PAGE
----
The death of a cruise ship member caused after a nitrogen cylinder burst has prompted a global warning for the Maritime sector.
The final report released by the Transport and Accident Investigation Commission (TAIC) confirms the gas cylinder bust due to severe corrosion causing the death of a Filipino man in 2017 while onboard the Emerald Princess.
The crew were re-pressurising cylinders while berthed at Dunedin's Port Chalmers when the Filipino man was fatally injured.
TAIC says the cylinder burst below its normal working pressure and external corrosion had reduced the cylinder's wall thickness to about 30 percent.
"The failed cylinder and several others in the system were not fit for purpose, despite having been surveyed recently, and should not have been in service," TAIC Chief Investigator of Accidents, Captain Tim Burfoot says.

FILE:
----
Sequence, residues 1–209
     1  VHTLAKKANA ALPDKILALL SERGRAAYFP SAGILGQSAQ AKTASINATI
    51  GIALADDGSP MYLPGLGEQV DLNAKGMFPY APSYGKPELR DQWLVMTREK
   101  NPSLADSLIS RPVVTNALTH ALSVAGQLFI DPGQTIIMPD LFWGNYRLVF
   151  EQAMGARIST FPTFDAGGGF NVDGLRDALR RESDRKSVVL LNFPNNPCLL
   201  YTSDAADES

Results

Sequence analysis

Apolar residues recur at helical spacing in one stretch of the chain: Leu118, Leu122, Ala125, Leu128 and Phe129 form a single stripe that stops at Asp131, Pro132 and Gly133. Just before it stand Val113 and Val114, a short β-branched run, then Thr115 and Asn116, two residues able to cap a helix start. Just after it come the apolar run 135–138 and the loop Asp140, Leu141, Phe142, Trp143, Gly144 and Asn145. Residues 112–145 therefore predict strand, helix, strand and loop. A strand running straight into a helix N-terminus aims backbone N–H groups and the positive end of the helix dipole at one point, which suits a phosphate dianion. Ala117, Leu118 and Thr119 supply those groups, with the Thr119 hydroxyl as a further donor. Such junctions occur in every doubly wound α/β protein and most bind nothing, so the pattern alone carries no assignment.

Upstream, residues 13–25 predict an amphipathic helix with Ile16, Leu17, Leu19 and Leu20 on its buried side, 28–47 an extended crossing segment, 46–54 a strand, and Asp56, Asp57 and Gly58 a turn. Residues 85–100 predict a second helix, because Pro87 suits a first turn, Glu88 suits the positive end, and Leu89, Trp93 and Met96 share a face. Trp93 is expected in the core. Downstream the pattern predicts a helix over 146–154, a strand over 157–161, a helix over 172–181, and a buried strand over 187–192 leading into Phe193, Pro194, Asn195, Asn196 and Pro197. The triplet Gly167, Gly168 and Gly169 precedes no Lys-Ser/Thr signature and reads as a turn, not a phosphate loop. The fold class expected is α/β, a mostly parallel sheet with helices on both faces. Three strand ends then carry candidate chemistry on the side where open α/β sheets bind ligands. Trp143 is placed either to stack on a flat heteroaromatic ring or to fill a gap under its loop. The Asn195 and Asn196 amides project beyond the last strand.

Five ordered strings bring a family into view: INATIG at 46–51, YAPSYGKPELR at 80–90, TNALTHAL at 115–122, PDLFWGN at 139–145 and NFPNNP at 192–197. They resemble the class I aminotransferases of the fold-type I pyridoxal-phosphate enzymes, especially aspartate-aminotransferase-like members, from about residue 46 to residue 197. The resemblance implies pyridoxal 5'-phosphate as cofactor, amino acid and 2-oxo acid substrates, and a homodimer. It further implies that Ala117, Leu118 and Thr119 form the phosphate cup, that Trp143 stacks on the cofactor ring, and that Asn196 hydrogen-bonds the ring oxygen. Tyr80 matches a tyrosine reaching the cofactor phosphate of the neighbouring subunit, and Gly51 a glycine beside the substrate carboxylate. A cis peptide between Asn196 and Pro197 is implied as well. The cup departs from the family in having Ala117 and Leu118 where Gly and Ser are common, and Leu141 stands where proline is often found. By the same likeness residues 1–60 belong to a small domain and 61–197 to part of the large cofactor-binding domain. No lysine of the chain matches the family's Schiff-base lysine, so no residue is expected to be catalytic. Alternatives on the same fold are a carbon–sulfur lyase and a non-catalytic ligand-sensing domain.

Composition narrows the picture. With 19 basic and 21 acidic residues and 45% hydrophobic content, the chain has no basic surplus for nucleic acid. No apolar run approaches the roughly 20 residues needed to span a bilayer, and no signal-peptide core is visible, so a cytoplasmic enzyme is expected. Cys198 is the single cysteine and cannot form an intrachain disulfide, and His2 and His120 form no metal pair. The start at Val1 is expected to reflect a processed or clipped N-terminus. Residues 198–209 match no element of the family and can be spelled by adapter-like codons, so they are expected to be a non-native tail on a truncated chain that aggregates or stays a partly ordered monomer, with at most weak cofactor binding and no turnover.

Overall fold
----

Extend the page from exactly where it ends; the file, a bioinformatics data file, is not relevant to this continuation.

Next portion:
The cylinder was part of a stored energy system providing an alternative means of launching lifeboats in the event of power failure - systems that are common on cruise ships.
TAIC's investigation also found there is an urgent need for global standards for maintaining, inspecting, testing, and replacing the high-pressure cylinders on board ships.
"The wider issue is the lack of global minimum standards for inspection, testing and rejecting pressure cylinders for stored energy systems on lifeboat launching installations. So there is wide variation in, and sometimes inadequate, standards applied by flag state administrations, classification societies and authorised service providers," Capt. Burfoot says.
A 2017 interim report into the incident prompt warnings about corroding cylinders within the cruise ship industry. The report saying the cylinders could pose a "significant danger to seafarers and passengers".
The operator of the Emerald Princess took immediate safety actions to prevent a repeat incident, the report found.